Downtown Jonesboro Association’s executive director youngest in Arkansas

by George Jared (gjared@talkbusiness.net) 2,141 views 

Lindsey Wingo, executive director of the Downtown Jonesboro Association

Lindsey Wingo had a big decision to make. She grew up in the small town of Rector in Northeast Arkansas, and when it came time to choose a college, she wanted to move away to what she thought would be a more exciting place. Her grandfather, Danny Ford, decided the two needed to talk. He told her she needed to attend college in a community where she wanted to live and raise a family.

She heeded his words and attended Arkansas State University. During her senior year at ASU in September 2017 she was hired as the executive director of the Downtown Jonesboro Association (DJA). She was 21, and officials with Main Street Arkansas told her she was the youngest executive director in the state, and they believe she’s the youngest in the country, Wingo said.

Dealing with business owners, civic leaders and others who are older and more experienced than she is has been a challenge, but Wingo believes her youth will help the city’s downtown move forward in the coming years.

“I’m an old soul,” she said. “I’m sure that some people were definitely skeptical at first, which is completely understandable. Regardless of any stereotype, as a Millennial, I am professionally and personally dedicated to making a difference in this community. I have always loved to challenge myself, so it definitely pushed me to work that much harder to prove my dedication to downtown and this position. It has been a fantastic year, and I feel incredibly fortunate to have a job that I love.”

ADDRESSING DOWNTOWN ISSUES
Wingo applied for the job “on a whim,” she said, with no real expectation she would get it. At ASU, she majored in strategic communications and minored in entrepreneurship.

She did have some experience working at St. Bernards as a marketing intern, and she worked as a campus ambassador for The Coca-Cola Co. prior to her stint with the health system. But, she was sure there were other, more qualified candidates. Her experiences at ASU and living in Jonesboro cemented her belief the city was the place for her, but she didn’t know if she would get the job.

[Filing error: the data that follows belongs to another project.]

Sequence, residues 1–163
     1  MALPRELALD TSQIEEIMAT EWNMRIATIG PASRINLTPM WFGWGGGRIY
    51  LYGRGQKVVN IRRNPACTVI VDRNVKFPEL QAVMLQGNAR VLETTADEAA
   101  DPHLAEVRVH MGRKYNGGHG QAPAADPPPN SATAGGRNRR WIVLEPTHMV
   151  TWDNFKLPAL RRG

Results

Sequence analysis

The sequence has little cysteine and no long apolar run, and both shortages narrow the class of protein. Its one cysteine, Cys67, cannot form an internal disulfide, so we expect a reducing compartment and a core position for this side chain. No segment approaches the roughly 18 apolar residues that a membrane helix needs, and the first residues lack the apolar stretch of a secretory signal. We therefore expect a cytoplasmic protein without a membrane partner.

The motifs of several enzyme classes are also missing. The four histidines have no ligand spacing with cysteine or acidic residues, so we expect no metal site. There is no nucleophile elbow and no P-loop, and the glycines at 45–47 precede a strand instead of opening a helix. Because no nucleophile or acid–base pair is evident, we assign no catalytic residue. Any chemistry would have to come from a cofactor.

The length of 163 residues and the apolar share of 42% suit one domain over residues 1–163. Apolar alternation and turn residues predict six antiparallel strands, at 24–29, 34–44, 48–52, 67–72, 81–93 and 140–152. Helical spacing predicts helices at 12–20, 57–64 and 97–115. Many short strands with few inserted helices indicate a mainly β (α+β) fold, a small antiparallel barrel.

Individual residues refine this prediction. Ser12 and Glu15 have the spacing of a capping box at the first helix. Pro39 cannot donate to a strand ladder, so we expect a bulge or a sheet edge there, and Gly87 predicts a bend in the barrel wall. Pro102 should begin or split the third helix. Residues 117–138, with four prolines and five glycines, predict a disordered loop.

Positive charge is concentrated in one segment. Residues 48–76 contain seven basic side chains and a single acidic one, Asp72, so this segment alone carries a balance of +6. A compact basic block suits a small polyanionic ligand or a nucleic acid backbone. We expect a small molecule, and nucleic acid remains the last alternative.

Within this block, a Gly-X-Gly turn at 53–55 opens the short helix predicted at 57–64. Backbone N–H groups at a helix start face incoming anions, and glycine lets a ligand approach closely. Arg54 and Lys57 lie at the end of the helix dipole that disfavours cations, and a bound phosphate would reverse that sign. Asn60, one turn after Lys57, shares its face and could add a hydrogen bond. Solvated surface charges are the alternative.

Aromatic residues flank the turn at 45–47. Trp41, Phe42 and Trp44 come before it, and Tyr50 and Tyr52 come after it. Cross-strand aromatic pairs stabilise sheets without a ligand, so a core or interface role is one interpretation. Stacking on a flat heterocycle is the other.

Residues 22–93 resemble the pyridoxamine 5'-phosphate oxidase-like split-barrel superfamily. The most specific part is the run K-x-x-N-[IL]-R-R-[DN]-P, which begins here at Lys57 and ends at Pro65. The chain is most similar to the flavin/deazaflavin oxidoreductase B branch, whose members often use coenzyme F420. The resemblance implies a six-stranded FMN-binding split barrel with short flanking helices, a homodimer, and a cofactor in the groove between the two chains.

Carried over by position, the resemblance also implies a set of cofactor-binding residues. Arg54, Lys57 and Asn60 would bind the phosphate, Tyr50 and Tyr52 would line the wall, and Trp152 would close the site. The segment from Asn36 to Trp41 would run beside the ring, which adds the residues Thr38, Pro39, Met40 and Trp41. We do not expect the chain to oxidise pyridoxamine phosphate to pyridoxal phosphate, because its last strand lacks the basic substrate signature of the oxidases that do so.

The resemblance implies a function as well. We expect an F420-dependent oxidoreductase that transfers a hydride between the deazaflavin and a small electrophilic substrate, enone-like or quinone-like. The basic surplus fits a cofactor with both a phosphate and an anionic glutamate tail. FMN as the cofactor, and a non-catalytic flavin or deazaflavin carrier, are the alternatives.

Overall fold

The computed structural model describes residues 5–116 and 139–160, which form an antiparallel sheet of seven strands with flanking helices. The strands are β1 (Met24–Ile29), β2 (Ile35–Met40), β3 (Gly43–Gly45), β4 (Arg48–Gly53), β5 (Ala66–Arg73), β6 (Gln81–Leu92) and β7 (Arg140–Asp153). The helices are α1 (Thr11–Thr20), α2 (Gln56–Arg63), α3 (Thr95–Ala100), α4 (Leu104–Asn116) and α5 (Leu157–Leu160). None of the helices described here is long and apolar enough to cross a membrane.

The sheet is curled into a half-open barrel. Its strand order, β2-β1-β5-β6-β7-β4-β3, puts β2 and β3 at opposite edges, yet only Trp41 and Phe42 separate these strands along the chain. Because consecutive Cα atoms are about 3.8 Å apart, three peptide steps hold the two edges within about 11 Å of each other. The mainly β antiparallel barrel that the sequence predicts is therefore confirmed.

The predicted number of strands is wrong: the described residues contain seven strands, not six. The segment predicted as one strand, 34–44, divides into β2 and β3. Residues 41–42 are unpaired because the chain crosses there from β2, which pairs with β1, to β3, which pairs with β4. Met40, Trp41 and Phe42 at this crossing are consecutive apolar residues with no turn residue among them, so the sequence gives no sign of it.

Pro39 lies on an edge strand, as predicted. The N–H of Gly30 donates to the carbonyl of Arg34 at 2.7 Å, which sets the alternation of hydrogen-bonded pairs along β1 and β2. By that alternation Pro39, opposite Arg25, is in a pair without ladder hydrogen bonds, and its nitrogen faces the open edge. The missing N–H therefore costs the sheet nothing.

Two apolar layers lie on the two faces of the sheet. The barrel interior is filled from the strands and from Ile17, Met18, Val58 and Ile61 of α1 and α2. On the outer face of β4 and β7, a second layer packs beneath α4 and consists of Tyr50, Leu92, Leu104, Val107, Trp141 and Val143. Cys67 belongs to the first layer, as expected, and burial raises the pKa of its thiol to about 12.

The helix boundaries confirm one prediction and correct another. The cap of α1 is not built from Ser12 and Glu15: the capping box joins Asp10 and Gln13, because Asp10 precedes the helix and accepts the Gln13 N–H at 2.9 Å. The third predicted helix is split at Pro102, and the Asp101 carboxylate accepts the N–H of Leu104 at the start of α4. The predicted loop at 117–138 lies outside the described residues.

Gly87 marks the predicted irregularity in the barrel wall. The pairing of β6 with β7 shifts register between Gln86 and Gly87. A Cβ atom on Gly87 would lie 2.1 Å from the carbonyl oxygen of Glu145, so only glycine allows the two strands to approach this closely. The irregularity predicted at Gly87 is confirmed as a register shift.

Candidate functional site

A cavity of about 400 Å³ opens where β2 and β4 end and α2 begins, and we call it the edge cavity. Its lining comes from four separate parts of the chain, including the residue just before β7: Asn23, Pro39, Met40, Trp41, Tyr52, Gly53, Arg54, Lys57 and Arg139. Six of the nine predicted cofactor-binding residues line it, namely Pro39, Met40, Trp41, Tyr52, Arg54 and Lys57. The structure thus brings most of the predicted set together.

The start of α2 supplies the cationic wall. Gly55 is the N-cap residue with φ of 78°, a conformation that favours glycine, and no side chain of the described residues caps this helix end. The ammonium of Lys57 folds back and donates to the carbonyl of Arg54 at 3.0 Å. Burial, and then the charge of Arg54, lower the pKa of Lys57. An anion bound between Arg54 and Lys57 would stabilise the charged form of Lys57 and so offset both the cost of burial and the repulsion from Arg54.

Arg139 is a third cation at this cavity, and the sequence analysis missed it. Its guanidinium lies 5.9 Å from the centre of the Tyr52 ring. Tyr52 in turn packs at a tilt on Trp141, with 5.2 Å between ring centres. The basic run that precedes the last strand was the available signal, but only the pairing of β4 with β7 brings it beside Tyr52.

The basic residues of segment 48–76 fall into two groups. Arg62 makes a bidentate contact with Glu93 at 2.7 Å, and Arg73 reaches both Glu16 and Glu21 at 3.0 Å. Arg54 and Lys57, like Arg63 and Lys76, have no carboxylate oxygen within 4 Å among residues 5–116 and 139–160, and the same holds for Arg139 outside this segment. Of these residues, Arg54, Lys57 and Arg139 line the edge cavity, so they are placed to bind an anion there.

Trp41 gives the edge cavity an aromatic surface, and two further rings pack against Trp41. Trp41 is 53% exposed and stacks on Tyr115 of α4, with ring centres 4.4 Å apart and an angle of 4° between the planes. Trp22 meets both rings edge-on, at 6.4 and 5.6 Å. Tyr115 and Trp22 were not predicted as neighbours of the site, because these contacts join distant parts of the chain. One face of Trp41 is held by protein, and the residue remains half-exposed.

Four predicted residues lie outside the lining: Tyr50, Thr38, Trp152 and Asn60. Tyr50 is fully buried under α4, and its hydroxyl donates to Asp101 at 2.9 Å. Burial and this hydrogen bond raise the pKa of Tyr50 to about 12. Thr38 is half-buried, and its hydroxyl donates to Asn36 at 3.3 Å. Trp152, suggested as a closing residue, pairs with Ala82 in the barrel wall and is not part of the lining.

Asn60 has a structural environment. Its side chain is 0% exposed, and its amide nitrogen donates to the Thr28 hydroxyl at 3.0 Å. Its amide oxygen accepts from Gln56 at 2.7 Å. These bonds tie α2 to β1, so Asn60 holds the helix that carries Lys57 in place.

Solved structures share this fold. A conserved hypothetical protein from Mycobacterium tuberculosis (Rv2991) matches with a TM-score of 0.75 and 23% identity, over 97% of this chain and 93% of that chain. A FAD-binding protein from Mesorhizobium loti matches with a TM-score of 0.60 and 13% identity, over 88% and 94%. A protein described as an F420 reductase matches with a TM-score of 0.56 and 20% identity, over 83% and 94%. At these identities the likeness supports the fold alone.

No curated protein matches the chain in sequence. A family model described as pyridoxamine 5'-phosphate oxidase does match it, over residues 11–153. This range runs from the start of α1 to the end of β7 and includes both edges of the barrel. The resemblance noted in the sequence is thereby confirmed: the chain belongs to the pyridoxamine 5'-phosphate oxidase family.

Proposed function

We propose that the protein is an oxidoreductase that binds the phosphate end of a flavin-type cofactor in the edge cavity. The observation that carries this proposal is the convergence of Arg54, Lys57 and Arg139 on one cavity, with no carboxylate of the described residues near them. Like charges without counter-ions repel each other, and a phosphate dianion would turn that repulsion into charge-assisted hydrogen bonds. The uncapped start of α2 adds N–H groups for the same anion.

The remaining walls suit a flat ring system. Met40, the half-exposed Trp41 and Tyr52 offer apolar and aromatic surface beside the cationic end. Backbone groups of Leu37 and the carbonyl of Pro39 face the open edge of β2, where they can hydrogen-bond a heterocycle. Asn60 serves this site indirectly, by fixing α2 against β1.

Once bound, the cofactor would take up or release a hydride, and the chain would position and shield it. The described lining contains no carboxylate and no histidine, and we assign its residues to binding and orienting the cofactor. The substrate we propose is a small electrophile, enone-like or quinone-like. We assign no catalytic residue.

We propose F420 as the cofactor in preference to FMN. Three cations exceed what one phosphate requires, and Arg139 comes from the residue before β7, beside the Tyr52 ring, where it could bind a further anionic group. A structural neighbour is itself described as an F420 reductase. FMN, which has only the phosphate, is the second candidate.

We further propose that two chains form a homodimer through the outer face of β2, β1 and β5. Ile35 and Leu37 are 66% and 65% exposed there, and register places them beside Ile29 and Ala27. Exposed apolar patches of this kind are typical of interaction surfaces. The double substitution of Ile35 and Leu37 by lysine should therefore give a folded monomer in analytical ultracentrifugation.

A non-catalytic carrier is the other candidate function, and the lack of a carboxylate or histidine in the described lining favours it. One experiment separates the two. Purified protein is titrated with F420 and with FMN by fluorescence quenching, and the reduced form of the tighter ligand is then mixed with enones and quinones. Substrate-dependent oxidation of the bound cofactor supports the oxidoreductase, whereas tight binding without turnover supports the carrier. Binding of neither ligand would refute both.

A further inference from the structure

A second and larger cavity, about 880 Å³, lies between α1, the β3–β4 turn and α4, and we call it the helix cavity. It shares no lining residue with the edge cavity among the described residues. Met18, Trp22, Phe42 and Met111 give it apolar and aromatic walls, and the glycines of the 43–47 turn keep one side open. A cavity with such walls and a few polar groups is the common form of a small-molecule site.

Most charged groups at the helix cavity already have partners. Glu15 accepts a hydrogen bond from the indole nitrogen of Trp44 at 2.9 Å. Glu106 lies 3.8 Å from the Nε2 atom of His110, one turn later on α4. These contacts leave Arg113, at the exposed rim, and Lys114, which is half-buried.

“They [DJA Board of Directors] saw something in me. I want to have a positive impact on the community,” she said.

The first year was challenging and exciting, she said. There were many ongoing and planned projects for the downtown area. About 500 people live in the downtown area, and there are 175 businesses that lure thousands of people to that part of the city each week. About 96% of the business and retail space is occupied in the area, she said.

One of the main obstacles to increasing foot traffic to downtown restaurants and bars is perceived safety at night. Downtown is safe, she said, but people feel safer when areas, such as parking lots and alleys, are well lighted, she said. Wingo said a project to increase the number of lights in the area is underway, and the lights in downtown will make patrons feel safer and create a more aesthetically pleasing area.

Another project she started this year was a joint venture with ASU to host a downtown block party for college students. Hundreds of students “overwhelmed” downtown, spending money at restaurants and enjoying time with their friends. Several restaurants were filled to capacity and a few owners had to go into their kitchens to help prepare food, she said. Wingo hopes to have a student block party downtown each month.

“It was amazing. It was a good problem to have,” she said.

THE DOWNTOWN CORRIDOR
Wingo said one of the most exciting projects involving downtown is the idea of building a corridor that will connect the section of the city with the ASU campus. She is a member of a committee that will make recommendations to move the project forward to the city council in October.

The core proposal and the one most favored by the committee is a proposed bike and pedestrian pathway from ASU to the downtown area, a distance of roughly 2.5 miles. A second recommendation will be to appoint a long-term redevelopment committee. A third recommendation is that the city’s land bank, the Jonesboro Regional Chamber of Commerce, and Jonesboro Unlimited, a nonprofit organization that promotes economic development in the area, bring a “catalyst” project to the corridor.

The fourth recommendation will be that the city develop a comprehensive plan to create the corridor and also devise a “realistic and functional” implementation plan. The plan needs to be centered around a comprehensive study, Wingo said, and that study alone could cost hundreds of thousands of dollars. A fifth recommendation is for the city to host a seminar to present ideas for the corridor to developers, attorneys and accountants.

Working on the committee has been a good opportunity for Wingo to connect with business leaders, ASU administrators and Jonesboro civic leaders, she said, adding that developing the corridor is vital.

“We want students from ASU regularly coming downtown. A corridor will increase our college student presence,” she said.

Wingo’s job requires her to be involved in the community. She serves on several organizations including the St. Bernards Advocates and the Northeast Arkansas Regional Transportation Commission. She is the professional development chair for the Jonesboro Young Professionals Network. Wingo is active with Chi Omega as an alumna, is a commission member of My Healthy Jonesboro, and serves as a volunteer with United Cerebral Palsy, the Make-a-Wish Foundation, Court Appointed Special Advocates and the United Way.

Her top goal for the DJA?

“Our goal in everything we do is to generate commerce in downtown,” she said.

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